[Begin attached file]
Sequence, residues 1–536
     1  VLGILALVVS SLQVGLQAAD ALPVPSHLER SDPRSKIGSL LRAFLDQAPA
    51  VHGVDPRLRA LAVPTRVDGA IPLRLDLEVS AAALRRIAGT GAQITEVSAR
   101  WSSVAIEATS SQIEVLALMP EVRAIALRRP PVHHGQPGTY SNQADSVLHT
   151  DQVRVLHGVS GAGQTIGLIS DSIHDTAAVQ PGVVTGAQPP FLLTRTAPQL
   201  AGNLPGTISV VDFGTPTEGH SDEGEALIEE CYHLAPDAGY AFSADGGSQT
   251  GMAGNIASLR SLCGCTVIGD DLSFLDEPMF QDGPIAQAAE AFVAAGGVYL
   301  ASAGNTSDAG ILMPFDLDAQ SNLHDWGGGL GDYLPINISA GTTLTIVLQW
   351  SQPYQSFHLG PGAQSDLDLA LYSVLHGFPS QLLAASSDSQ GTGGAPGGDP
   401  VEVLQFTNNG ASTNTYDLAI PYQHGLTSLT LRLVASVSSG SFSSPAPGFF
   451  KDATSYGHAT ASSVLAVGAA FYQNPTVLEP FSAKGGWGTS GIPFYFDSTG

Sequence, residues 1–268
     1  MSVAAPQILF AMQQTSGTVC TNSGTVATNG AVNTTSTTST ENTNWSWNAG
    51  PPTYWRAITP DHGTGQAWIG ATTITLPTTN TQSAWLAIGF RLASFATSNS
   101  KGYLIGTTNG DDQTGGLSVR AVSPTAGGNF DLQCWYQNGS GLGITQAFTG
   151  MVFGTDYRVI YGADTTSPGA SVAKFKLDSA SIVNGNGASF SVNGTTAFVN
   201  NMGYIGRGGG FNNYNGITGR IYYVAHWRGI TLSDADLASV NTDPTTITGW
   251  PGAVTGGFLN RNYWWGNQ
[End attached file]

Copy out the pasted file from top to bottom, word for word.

Sequence, residues 1–536
     1  VLGILALVVS SLQVGLQAAD ALPVPSHLER SDPRSKIGSL LRAFLDQAPA
    51  VHGVDPRLRA LAVPTRVDGA IPLRLDLEVS AAALRRIAGT GAQITEVSAR
   101  WSSVAIEATS SQIEVLALMP EVRAIALRRP PVHHGQPGTY SNQADSVLHT
   151  DQVRVLHGVS GAGQTIGLIS DSIHDTAAVQ PGVVTGAQPP FLLTRTAPQL
   201  AGNLPGTISV VDFGTPTEGH SDEGEALIEE CYHLAPDAGY AFSADGGSQT
   251  GMAGNIASLR SLCGCTVIGD DLSFLDEPMF QDGPIAQAAE AFVAAGGVYL
   301  ASAGNTSDAG ILMPFDLDAQ SNLHDWGGGL GDYLPINISA GTTLTIVLQW
   351  SQPYQSFHLG PGAQSDLDLA LYSVLHGFPS QLLAASSDSQ GTGGAPGGDP
   401  VEVLQFTNNG ASTNTYDLAI PYQHGLTSLT LRLVASVSSG SFSSPAPGFF
   451  KDATSYGHAT ASSVLAVGAA FYQNPTVLEP FSAKGGWGTS GIPFYFDSTG

Sequence, residues 1–268
     1  MSVAAPQILF AMQQTSGTVC TNSGTVATNG AVNTTSTTST ENTNWSWNAG
    51  PPTYWRAITP DHGTGQAWIG ATTITLPTTN TQSAWLAIGF RLASFATSNS
   101  KGYLIGTTNG DDQTGGLSVR AVSPTAGGNF DLQCWYQNGS GLGITQAFTG
   151  MVFGTDYRVI YGADTTSPGA SVAKFKLDSA SIVNGNGASF SVNGTTAFVN
   201  NMGYIGRGGG FNNYNGITGR IYYVAHWRGI TLSDADLASV NTDPTTITGW
   251  PGAVTGGFLN RNYWWGNQ